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Leveraging Low-cost Devices to Form Self-organizing Sensor Networks in Support of Commander, Seventh Fleet

There is a significant gap between emerging state-of-the-art commercial off the shelf (COTS) remote sensor networks, and those currently employed by the US Navy. Through recent advances in sensor, processor and network technologies, the idea of an unattended, expendable, and deploy-for-purpose sensor network is neither cost prohibitive nor science fiction. With expendable sensor nodes the operations and maintenance costs (O&M) are drastically reduced and the end user is provided with a wider range of deployment locations where persistent presence may not be a requirement. This research intends to identify the essential characteristics and capabilities of current unattended maritime ISR systems and compare those to the capabilities of emerging low-cost devices. Further, it intends to provide a proof-of-concept architecture and concept of implementation utilizing these emerging devices to address the operational requirements of Seventh Fleet forces. Key items of analysis will include overall system cost, ease of deployment, sensor networking/device-to-device communication, bandwidth requirements and limitations, network robustness and security, means of data exfiltration and aggregation, sensor life and power limitations/requirements, and classification concerns.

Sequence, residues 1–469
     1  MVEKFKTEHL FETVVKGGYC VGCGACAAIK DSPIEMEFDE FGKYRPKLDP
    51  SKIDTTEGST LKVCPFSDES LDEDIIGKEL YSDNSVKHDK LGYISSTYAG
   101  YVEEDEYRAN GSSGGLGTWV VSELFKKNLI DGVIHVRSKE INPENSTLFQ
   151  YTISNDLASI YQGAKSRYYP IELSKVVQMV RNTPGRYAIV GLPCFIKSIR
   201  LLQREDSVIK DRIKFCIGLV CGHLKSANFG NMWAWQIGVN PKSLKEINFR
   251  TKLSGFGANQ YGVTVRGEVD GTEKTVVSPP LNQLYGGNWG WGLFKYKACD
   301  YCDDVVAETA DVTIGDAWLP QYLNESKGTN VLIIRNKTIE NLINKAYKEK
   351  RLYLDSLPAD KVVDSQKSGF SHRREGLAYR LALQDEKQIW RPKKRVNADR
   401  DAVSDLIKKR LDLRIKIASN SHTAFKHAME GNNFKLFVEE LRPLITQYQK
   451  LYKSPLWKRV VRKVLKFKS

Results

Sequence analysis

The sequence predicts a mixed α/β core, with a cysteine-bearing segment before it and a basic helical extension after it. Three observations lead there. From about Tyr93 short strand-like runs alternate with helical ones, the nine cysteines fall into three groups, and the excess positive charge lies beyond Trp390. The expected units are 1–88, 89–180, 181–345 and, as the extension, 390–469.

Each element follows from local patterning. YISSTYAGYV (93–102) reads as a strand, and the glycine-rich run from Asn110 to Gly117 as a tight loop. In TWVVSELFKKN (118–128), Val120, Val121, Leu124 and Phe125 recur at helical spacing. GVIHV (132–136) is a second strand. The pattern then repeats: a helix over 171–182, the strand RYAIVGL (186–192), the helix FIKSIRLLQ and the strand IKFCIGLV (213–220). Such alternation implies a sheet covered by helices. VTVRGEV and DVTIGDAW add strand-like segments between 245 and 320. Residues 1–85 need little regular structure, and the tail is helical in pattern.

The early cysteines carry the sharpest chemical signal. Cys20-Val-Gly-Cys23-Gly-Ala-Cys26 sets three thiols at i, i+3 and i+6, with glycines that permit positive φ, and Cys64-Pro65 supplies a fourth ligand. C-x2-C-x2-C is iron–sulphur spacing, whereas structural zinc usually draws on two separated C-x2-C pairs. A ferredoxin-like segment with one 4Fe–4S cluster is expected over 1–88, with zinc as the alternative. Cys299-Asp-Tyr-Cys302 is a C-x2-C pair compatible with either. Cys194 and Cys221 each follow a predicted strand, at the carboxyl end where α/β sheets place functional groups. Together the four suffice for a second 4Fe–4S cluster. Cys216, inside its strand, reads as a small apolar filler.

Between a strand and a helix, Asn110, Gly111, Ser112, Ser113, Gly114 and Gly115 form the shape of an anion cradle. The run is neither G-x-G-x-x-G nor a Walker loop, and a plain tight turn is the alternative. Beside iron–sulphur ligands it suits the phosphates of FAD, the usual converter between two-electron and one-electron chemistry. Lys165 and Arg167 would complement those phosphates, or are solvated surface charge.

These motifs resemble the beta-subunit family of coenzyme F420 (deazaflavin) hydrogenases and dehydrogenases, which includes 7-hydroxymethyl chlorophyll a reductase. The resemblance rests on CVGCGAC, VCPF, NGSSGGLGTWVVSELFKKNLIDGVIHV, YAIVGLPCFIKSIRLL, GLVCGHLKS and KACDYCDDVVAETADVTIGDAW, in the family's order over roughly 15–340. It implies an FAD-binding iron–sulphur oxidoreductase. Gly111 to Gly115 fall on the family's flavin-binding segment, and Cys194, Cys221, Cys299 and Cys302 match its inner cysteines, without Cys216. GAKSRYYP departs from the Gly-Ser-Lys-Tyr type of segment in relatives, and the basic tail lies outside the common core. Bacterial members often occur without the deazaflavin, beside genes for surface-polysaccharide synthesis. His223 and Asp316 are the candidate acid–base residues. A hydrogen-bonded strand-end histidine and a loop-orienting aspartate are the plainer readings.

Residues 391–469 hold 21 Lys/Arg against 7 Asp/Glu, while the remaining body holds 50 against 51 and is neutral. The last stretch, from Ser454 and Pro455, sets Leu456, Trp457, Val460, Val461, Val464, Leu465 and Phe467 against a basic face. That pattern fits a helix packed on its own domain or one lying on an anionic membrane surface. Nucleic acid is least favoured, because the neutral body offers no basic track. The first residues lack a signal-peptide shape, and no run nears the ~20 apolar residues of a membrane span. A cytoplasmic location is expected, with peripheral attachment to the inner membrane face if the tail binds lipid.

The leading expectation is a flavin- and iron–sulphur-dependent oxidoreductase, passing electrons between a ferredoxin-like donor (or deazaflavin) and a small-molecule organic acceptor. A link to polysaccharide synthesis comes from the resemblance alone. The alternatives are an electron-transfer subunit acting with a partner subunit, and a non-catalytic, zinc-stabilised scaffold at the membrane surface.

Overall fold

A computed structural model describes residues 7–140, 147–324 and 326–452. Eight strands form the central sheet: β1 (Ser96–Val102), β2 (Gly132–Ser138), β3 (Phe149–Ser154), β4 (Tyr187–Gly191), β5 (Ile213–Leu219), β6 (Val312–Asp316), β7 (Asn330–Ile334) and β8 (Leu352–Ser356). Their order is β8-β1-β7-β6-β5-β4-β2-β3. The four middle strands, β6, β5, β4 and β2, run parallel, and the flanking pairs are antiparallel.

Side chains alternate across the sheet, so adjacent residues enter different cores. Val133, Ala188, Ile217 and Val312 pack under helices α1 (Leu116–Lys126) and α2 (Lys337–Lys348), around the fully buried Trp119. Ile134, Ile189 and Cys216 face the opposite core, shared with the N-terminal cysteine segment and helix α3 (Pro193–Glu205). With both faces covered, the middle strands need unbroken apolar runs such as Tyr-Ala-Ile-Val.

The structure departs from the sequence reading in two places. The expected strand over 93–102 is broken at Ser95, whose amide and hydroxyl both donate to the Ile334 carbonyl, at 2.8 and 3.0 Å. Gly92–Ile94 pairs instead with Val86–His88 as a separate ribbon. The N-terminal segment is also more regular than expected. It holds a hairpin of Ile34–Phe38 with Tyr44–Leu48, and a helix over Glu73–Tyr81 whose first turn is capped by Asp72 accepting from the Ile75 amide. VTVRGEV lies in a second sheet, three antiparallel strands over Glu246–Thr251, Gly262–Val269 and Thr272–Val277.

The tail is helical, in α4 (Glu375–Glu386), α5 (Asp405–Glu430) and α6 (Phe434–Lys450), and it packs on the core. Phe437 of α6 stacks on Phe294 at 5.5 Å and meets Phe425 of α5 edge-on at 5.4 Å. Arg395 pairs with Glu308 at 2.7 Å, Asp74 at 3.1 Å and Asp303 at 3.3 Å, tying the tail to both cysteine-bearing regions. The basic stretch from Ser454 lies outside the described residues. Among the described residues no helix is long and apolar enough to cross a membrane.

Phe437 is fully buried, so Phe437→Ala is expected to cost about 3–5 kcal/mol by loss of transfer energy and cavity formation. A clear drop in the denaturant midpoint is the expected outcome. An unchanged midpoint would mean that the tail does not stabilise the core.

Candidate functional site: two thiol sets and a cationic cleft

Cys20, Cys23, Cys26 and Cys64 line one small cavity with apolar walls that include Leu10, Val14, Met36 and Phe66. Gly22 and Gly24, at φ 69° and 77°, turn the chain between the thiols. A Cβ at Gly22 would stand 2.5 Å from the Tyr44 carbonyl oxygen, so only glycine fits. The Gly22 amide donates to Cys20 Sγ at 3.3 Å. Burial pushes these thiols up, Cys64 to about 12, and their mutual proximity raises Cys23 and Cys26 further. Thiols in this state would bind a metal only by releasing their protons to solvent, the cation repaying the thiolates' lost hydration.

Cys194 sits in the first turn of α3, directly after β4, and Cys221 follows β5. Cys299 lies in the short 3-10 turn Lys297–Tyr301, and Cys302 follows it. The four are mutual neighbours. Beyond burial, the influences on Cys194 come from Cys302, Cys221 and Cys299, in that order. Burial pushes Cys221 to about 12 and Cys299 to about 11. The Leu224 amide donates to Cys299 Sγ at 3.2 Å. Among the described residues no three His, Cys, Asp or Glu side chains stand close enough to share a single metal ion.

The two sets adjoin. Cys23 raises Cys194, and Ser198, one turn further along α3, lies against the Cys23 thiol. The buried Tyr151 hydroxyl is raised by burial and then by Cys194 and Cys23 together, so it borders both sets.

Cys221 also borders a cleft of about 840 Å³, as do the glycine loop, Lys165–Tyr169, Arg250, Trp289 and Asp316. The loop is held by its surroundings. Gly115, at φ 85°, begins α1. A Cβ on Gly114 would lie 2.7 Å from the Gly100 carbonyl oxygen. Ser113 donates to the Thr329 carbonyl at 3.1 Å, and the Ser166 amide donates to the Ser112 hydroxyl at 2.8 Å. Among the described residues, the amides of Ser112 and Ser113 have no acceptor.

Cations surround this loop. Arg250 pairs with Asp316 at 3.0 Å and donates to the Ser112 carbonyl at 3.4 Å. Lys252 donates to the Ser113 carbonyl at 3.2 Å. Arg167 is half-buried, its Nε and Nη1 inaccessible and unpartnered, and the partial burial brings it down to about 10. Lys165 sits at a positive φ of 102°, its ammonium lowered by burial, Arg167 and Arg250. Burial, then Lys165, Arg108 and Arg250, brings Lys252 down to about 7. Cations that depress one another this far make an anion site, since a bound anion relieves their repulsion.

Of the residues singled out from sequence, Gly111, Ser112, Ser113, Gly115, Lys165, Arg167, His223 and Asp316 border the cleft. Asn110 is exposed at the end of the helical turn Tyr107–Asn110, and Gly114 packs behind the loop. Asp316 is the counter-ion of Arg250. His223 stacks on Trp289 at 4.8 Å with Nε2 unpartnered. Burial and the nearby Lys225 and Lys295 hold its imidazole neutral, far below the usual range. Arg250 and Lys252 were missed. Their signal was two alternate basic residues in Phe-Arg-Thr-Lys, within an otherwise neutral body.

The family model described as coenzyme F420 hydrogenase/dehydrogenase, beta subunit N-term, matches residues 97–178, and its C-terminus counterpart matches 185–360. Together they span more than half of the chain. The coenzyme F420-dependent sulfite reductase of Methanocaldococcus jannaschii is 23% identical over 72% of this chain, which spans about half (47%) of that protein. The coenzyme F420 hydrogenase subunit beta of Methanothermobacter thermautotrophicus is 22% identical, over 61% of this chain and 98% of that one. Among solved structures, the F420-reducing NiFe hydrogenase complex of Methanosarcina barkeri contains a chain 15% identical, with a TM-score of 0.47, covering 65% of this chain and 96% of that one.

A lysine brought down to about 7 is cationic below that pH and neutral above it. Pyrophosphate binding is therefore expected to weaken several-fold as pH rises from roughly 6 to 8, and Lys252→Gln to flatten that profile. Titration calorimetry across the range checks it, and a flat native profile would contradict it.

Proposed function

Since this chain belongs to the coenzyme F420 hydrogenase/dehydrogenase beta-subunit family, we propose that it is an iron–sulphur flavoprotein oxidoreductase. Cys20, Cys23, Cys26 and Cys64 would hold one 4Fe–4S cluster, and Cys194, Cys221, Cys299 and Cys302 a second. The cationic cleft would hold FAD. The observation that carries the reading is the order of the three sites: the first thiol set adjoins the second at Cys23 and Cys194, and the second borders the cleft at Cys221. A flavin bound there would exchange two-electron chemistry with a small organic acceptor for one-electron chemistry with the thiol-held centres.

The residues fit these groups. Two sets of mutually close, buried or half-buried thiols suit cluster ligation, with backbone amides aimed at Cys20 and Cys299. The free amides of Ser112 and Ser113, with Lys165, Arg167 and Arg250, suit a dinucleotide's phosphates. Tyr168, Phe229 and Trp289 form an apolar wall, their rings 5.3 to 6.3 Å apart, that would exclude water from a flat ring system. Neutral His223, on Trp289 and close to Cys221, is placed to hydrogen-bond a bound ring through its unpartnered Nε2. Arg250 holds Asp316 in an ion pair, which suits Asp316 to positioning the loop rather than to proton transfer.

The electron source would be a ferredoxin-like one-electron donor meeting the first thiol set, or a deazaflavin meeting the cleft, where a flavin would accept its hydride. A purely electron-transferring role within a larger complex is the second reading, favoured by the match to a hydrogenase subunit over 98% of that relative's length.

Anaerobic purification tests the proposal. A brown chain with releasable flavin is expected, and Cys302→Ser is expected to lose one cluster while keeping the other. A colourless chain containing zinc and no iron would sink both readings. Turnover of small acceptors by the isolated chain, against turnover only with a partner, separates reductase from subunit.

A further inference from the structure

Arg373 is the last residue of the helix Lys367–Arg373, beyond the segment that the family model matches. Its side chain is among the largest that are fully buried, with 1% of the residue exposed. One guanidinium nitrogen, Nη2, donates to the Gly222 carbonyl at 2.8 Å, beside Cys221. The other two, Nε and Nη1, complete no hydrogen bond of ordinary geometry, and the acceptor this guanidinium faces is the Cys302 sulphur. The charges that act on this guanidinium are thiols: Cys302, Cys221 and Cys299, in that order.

NPS Naval Research Program
NPS Naval Research Program